This part of the Guide looks at the various peoples and communities that have produced the foodways of Sri Lanka as they are practised at present, in the first decade of the 21st century. As with other parts, chapters are being added to it progressively as they are completed, and will be revised as additional information comes to hand.
Hunting and Gathering
From the earliest evidence of human habitation to the continuing practices of the Wanniya-laeto, hunting and gathering has been part of Sri Lankan foodways. The animals, birds, fish, vegetables and fruit that formed the diet in the protohistoric period continue to be part of the modern Sri Lankan diet.
When did the cultivation of crops begin in Sri Lanka and of what did cultivation first consist? There are signs in excavations in the cave of Dorawaka-kanda near Kegalle of the use of pottery and perhaps the cultivation of cereals as early as 6300 BCE. But how were the cereals cultivated?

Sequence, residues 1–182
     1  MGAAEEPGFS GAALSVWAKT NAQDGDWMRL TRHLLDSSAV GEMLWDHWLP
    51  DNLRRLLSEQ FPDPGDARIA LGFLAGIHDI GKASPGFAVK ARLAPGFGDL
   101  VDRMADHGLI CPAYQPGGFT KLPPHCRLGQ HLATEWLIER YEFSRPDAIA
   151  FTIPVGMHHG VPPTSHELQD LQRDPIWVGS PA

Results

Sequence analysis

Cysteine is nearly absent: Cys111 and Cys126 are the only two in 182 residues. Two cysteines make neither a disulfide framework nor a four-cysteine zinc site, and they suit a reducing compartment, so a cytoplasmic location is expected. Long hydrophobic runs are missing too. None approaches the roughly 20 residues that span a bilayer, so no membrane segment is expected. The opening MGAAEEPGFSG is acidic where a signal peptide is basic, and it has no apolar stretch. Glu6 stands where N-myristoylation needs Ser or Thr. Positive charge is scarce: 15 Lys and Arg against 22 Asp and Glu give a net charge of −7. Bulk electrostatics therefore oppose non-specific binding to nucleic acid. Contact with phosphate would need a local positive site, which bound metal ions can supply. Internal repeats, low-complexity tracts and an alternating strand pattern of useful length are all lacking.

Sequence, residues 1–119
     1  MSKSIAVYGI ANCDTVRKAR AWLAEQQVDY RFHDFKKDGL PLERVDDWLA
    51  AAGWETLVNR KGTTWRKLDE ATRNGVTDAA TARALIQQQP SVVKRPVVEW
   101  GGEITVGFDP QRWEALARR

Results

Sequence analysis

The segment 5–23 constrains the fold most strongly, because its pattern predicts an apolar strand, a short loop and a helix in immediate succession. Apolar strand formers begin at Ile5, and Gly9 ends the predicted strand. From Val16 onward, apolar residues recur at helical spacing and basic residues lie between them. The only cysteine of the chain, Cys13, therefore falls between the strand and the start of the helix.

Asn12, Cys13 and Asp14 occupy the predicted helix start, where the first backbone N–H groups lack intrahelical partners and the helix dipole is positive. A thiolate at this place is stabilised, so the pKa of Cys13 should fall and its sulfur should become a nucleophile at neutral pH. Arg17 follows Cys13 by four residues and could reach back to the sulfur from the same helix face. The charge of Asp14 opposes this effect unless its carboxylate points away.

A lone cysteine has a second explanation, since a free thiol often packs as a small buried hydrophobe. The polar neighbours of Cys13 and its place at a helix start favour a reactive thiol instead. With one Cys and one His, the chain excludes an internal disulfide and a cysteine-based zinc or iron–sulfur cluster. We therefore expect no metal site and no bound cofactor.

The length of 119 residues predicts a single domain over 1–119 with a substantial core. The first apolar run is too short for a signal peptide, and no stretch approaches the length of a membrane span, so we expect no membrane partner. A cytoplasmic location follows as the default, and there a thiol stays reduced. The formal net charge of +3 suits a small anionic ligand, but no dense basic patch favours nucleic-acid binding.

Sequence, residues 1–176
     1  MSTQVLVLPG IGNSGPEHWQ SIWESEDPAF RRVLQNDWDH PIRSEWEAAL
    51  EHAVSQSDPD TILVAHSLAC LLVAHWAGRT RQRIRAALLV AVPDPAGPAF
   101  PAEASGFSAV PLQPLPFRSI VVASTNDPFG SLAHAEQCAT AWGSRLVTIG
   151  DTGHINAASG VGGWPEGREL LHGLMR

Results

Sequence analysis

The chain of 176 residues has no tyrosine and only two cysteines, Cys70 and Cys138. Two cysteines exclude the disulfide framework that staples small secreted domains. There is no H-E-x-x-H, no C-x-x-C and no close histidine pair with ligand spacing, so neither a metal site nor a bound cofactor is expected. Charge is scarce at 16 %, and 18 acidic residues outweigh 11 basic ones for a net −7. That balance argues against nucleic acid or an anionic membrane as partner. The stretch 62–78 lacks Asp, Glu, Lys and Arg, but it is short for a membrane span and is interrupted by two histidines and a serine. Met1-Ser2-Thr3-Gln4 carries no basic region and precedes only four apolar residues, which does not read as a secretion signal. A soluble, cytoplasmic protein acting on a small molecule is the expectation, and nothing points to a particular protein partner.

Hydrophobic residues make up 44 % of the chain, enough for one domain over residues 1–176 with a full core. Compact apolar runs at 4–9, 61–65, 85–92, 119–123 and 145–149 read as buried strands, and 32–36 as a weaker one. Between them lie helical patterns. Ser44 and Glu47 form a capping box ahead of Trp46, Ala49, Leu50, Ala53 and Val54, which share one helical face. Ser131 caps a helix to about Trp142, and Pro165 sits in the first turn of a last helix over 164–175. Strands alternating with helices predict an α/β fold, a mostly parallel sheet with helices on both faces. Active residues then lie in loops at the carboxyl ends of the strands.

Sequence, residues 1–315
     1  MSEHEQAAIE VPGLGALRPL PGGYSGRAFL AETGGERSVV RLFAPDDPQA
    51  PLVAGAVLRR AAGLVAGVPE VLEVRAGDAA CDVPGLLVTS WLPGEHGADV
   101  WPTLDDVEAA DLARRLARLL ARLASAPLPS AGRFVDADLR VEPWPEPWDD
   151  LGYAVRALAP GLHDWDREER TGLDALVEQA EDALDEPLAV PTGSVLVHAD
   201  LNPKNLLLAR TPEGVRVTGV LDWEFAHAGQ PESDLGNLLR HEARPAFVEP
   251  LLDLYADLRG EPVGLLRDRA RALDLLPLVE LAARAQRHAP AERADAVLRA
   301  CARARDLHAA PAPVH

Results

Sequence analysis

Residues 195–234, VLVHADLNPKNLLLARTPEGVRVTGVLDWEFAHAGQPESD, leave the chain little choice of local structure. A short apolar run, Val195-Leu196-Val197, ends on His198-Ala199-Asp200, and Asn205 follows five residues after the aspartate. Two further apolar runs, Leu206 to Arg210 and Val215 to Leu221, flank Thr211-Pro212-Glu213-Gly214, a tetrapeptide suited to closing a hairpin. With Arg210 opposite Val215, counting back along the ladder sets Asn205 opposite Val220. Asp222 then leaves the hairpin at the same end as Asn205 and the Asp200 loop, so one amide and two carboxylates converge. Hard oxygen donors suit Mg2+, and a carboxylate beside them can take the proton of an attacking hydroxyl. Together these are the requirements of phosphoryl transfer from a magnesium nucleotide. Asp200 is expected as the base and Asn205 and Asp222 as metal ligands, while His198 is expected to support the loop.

With 75% of Sri Lankans Buddhist, what influence does this have on foodways?
‘If, as the Mahavamasa attests, the Sinhalese population in Sri Lanka are descended from Vijaya, sailing here around 500 BCE, what foodways this he and his community bring?’
South Indian Influences
‘Either walking across the land bridge, or sailing across, South Indians travelled to Sri Lanka for thousands of years bringing their foodways with them. What are the traces of these today?’
Arab and Persian InfluencesThe story of the relationships between the Arab peoples, Persians and Sri Lanka is fundamental to the story of the spice trade and the development also of Sri Lankan foodways.
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Chinese InfluencesChina and Sri Lanka have had cultural, religious and trade exchanges since the 5th CE, but has this influenced Sri Lankan cuisine?
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Portuguese Influences‘With the coming of the Portuguese in 1505 Sri Lankan cuisine was to undergo the most significant changes in centuries.’
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Dutch InfluencesEdam cheese, frikadella, smoore, bruder...the Dutch entrenched European foodways in Sri Lankan cuisine.
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English InfluencesFrom Hannah Glasse to Isabella Beeton, it was plain food that the British brought to Sri Lanka.
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